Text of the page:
RNB Technologies, Inc., an engineering services company based in Stafford, works to improve the accuracy of missile defense systems, such as the trajectory problems encountered with the Patriot missiles during the Gulf War/Desert Storm Conflict of 1991.
“Benefiting from the past enables our current military leaders to address current conflicts with more effectiveness and efficiency,” states Ron Oxendine Founder, RNB Technologies, Inc., a Native American, Veteran-owned, small disadvantaged business located in Stafford, Va.
RNB’s experienced and knowledgeable professionals evaluate and improve missile defense systems to support Joint Navy, Army, Air Force and Marine Corps Commands. Much of RNB’s work relates to integrating divergent software packages, which in simple terms, allows different programming languages to communicate.
“This work is of strategic importance to the defense of the nation,” Oxendine said. The military uses RNB’s staff of 88 highly-specialized employees to evaluate, test and improve areas such as mission event planning and analysis of missile defense performance. In fact, RNB Technologies, Inc. was recently honored as one of the Top 100 Diversity Business for 2006 at the National Diversity Business Conference 29-31 Mar 06 in Las Vegas, NV.
Oxendine, a 20-year veteran of the U.S. Marine Corps, began a career as a defense contractor with Techmatics, Inc., holding the title of Senior Program Manager for the Battle Management Command Control Communications/Systems Engineering and Integration (BMC3/SEI) contract supporting the Ballistic Missile Defense Organization in the Pentagon. An expert in theater air and missile defense, he started RNB Technologies, Inc. with his wife and co-founder, Nell Oxendine, the executive vice president, in July 2000.
RNB Technologies, Inc. has experienced many of the obstacles typical of a growing company including with the availability of funds to market RNB’s capability. The firm sought the assistance of a $75,000 loan backed by U.S. Small Business Administration under the 7(a) Loan Guaranty Program. Oxendine states, “The loan has been repaid in full. However, it was important to our effort to achieve controlled company growth and to ensure payroll and other expenses could be met.”
The 7(a) Program is the SBA's primary lending program provides loan guaranties for small businesses unable to secure financing on reasonable terms through normal lending channels. The program operates through private-sector lenders who provide loans guaranteed by the SBA. A maximum loan amount of $2 million is established. However, the maximum dollar amount of the SBA guaranty is generally $1.5 million. The eligibility requirements are as broad as possible in order that this lending program can accommodate most small business financing needs.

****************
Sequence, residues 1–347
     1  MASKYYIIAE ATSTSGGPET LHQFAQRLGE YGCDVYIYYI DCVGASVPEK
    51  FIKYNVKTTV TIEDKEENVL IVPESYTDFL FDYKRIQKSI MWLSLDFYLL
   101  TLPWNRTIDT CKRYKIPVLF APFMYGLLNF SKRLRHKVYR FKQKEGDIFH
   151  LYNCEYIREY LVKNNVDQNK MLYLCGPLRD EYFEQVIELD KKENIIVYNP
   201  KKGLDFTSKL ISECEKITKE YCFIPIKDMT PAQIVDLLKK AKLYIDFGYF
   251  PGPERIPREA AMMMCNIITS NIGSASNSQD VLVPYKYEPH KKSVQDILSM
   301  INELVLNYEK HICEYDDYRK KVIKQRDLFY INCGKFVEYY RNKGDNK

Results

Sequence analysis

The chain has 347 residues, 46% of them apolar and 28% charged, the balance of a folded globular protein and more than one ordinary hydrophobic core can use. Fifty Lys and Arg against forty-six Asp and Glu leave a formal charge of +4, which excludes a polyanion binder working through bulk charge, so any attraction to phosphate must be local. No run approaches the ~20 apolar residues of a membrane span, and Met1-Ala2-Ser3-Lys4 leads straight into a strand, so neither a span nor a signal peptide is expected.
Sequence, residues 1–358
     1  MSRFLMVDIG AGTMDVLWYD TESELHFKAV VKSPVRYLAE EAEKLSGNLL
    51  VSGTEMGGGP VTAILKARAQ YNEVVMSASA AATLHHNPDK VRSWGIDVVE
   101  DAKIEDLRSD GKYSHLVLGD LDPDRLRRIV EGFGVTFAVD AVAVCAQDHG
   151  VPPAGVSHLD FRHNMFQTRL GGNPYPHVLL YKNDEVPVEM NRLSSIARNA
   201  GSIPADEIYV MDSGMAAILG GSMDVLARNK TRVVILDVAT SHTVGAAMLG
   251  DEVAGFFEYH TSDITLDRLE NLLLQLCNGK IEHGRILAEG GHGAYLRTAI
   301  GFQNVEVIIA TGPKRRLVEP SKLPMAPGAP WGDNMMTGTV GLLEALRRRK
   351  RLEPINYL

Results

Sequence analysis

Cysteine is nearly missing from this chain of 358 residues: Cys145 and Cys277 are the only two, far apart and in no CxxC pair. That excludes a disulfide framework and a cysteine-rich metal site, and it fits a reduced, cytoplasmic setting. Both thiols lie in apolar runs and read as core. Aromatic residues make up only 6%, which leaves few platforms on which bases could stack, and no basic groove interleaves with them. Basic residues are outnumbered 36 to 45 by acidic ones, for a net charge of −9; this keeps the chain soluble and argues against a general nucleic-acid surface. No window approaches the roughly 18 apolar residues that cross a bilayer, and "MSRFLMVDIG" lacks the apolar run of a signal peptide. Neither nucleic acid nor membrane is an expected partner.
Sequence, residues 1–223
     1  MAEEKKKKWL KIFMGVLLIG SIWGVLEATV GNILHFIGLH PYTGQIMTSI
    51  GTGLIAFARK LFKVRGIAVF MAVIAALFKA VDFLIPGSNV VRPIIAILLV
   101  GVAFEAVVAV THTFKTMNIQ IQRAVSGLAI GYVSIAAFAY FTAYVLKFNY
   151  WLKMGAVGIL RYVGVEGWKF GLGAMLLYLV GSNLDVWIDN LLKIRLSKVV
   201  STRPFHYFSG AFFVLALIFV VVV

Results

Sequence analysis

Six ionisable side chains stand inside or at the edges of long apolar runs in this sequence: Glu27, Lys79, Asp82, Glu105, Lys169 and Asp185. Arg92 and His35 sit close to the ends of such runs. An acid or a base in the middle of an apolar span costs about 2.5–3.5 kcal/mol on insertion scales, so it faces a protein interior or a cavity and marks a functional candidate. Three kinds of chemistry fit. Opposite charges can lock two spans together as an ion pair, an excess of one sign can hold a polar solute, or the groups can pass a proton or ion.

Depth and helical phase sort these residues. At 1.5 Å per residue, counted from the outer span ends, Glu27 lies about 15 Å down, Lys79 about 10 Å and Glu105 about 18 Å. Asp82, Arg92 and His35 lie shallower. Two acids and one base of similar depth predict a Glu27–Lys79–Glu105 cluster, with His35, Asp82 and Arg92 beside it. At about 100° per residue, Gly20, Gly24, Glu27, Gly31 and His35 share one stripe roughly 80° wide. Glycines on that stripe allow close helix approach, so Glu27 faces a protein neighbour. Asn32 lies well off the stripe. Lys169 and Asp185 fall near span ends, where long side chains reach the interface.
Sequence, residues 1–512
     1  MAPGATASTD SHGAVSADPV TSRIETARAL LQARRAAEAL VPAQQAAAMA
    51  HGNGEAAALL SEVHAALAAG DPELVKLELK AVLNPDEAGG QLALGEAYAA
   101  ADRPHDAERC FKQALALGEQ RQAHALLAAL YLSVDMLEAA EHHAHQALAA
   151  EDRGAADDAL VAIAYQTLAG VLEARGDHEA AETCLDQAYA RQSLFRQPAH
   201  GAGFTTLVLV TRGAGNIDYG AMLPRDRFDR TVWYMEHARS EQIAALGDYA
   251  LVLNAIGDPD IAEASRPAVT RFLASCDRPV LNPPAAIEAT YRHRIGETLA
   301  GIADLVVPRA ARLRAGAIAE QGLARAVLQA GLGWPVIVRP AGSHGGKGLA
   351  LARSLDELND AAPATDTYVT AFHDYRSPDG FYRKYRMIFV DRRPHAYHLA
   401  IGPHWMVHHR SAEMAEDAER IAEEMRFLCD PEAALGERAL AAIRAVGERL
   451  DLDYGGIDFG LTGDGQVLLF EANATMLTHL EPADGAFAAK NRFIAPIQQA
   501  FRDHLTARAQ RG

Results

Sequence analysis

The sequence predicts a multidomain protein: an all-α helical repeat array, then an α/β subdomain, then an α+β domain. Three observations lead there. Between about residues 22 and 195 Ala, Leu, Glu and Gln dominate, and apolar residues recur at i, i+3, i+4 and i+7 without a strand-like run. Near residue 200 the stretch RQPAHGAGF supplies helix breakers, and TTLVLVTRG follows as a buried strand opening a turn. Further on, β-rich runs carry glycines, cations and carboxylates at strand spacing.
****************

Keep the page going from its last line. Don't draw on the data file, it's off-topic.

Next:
The biggest obstacle faced by RNB was educating the Department of Defense about the advantages of contracting with the company. As a certified U.S. Small Business Administration’s 8(a) Business Development Program participant firm, certified in 2001, they overcame many of these difficulties. RNB credits much of their success in the 8(a) arena to the SBA Business Development Specialist Mike O’Neill, Richmond District Office who provided training and support to the firm’s employees. RNB received nine different $3 million sole-source contracts during its first 5 years in the 8(a) program. This led to RNB’s growth of 118 percent for personnel and 76 percent for revenue in 2005. The SBA’s 8(a) certification was instrumental in the company’s increase in sales from $965,000 in 2001 to $7.6 million in 2005.
The 8(a) Business Development Program is an essential instrument for helping socially and economically disadvantaged entrepreneurs gain access to the economic mainstream of American society. The SBA has helped thousands of aspiring entrepreneurs over the years to gain a foothold in government contracting. Participation is divided into two phases over nine years: a four-year developmental stage and a five-year transition stage. Participants can receive sole-source contracts, up to a ceiling of $3 million for goods and services and $5 million for manufacturing. While the SBA helps 8(a) firms build their competitive and institutional know-how, the agency also encourages them to participate in competitive acquisitions.
To qualify for program certification, a small business must be owned and controlled by a socially and economically disadvantaged person. Under the Small Business Act, certain presumed groups include African Americans, Hispanic Americans, Asian Pacific Americans, Native Americans, and Subcontinent Asian Americans. New rules make it easier for non-minority firms to participate by proving their social disadvantage.